Published On: Thu, Aug 30th, 2018

Acting CBCS President: Address structural weaknesses to achieve higher growth

Central Bank_frontWILLEMSTAD, PHILIPSBURG - Both Curaçao and Sint Maarten need to address structural weaknesses in their macroeconomic environment that are impeding growth, urged acting Centrale Bank van Curaçao en Sint Maarten (CBCS) president Leila Matroos in the Bank’s 2017 Annual Report. “These weaknesses include complex and lengthy administrative procedures that can delay the execution of investment projects or even discourage investors from starting a new venture,” Matroos said.

“Another barrier to growth is the limited access to risk capital and long-term financing, particularly for small and medium enterprises (SMEs) that are the backbone of our economies. Although excess liquidity exists in our capital market, largely because of the debt relief program agreed upon as part of the dissolution of the Netherlands Antilles, the market for high risk capital is rather underdeveloped in Curaçao and Sint Maarten,” Matroos explained. “In Sint Maarten, priority should be given to establishing a development bank. Particularly considering the country’s reconstruction needs, a development bank that can provide loans and credits to small and medium enterprises at more favorable terms than commercial banks is crucial for faster economic recovery. Meanwhile in Curacao, the market for high risk financing is rather fragmented with three different institutions more or less serving the same goal. To enhance effectiveness, these entities could consider working more closely together, complementing each other, and eventually, merging in the future.”

The acting central bank president also warned that the high cost of doing business is another impediment to growth in Curaçao and Sint Maarten. “Because of their small size, both countries face diseconomies of scale that result in relatively high costs of doing business, including energy costs. However, the recent technological advancements provide opportunities to reduce these costs through diversification towards alternative sources of energy such as wind, sun, and cold sea water. Of course, shifting towards alternative sources of energy demands high investments that cannot be covered by the public sector alone. Thus, public–private partnerships are a viable option for more sustainable and cheaper sources of energy in the near future. The expansion of the windmill park in Curaçao in 2017 is an example of a successful collaboration between the private and public sectors.”

Since becoming autonomous countries in the Dutch Kingdom, economic growth in Curaçao and Sint Maarten has been low, Matroos noted. “Our underperformance can be ascribed to both external factors and internal weaknesses. Building resilience is crucial to help mitigate the adverse effects of external shocks, which in most cases are unpredictable. Meanwhile, our internal weaknesses have long been identified but not adequately addressed,” she continued.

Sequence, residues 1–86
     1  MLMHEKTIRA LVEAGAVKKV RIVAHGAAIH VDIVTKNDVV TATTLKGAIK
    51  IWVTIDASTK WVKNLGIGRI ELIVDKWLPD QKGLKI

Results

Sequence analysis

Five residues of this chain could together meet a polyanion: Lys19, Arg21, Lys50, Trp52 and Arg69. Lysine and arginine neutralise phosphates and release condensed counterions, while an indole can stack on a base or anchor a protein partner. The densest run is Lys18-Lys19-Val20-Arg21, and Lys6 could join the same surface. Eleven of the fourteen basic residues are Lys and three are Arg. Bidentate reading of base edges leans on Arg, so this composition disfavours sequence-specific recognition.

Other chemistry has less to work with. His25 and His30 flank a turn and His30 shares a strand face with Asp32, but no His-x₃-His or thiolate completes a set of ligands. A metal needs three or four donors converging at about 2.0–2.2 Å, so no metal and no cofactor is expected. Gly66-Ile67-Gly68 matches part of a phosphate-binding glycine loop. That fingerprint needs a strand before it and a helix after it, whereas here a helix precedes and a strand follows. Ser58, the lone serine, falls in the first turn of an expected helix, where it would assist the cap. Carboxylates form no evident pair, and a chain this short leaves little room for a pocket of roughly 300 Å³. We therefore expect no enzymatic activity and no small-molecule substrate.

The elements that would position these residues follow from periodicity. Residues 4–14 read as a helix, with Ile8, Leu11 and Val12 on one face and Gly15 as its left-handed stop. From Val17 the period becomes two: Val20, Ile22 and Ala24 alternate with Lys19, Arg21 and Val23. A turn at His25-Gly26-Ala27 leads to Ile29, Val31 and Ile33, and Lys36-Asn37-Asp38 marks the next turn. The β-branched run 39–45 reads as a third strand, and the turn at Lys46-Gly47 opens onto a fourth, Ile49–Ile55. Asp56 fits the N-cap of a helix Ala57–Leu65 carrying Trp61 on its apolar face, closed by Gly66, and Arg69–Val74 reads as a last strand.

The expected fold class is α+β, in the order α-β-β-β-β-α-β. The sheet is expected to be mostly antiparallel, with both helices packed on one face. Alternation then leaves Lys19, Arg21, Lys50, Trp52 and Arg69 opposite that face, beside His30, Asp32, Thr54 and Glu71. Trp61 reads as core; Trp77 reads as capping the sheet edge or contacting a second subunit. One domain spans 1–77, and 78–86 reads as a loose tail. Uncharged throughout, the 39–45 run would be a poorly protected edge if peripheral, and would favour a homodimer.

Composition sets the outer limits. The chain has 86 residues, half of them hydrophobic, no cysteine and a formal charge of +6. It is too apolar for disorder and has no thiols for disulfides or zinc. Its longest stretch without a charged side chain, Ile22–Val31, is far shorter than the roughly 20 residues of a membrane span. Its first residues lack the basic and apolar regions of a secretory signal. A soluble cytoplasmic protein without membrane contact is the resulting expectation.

According to Matroos, both Curaçao and Sint Maarten need to develop a strategy aimed at transforming their economies to achieve a higher and more inclusive growth path. “This strategy should be aimed at new approaches and policies for economic growth and social development. Structural reforms to improve the investment climate are therefore crucial. After all, a more enabling investment climate will unleash private investment, which is ultimately the driver of sustainable growth,” she stated.

“Private sector investments frequently also demand public investments in key infrastructure and human resources. Curaçao and Sint Maarten have been trapped in a low-growth environment for some time now, and their governments do not have the financial resources to execute these investments,” Matroos explained. “In addition, following the dismantling of the Netherlands Antilles and the associated debt relief, development aid that was allocated for economic and social development also was halted. Therefore, the growth strategy for the future should include public sector investments for improving the public infrastructure and strengthening our human resources. This strategy should not be considered a plea to increase public sector debt to unsustainable levels. Rather, it is a strategy that focuses on transforming our economies to achieve a sustainable higher and more inclusive growth path,” Matroos argued.

“In accordance with the Kingdom Law on Financial Supervision Curaçao and Sint Maarten, government borrowing should not be aimed at financing current expenditures but at financing projects that contribute to higher economic growth and/or improving social indicators. Also, the implementation of these projects should be well-managed and transparent. At the same time, sound macroeconomic, fiscal, and debt sustainability frameworks should be in place to absorb external shocks and ensure that the debt can be serviced in the future. Hence, deviations from the envisaged growth and development path can be mitigated,” Matroos concluded.

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